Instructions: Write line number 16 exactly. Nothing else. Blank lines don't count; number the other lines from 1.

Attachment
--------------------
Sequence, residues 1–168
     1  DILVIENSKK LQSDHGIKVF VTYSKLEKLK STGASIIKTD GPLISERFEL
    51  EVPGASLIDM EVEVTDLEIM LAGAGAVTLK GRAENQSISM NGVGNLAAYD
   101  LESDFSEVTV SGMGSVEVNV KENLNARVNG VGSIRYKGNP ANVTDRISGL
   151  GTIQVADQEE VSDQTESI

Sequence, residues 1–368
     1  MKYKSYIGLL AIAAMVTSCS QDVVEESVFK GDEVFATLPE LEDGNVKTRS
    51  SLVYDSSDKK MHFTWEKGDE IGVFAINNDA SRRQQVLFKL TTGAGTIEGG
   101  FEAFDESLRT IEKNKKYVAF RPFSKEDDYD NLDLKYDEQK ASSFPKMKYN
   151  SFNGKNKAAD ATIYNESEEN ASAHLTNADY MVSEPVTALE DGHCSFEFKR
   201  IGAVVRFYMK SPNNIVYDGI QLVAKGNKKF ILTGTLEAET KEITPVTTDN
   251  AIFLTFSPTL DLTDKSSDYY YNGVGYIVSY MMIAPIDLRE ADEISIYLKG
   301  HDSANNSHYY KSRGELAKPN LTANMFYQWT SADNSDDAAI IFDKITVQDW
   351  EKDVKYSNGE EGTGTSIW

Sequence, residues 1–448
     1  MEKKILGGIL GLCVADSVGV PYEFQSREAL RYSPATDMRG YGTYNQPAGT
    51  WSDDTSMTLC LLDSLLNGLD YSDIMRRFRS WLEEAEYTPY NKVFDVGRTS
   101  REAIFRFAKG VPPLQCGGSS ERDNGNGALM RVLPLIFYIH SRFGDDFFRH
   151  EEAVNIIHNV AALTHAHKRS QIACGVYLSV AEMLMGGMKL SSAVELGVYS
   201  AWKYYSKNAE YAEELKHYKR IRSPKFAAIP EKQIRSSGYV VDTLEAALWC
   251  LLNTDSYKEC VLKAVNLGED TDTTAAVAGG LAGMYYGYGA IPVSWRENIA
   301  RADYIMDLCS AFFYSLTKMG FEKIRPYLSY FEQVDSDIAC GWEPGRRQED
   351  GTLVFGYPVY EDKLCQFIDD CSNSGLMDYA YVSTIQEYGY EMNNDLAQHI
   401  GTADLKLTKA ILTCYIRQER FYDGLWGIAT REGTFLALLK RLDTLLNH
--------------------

     1  MEKKILGGIL GLCVADSVGV PYEFQSREAL RYSPATDMRG YGTYNQPAGT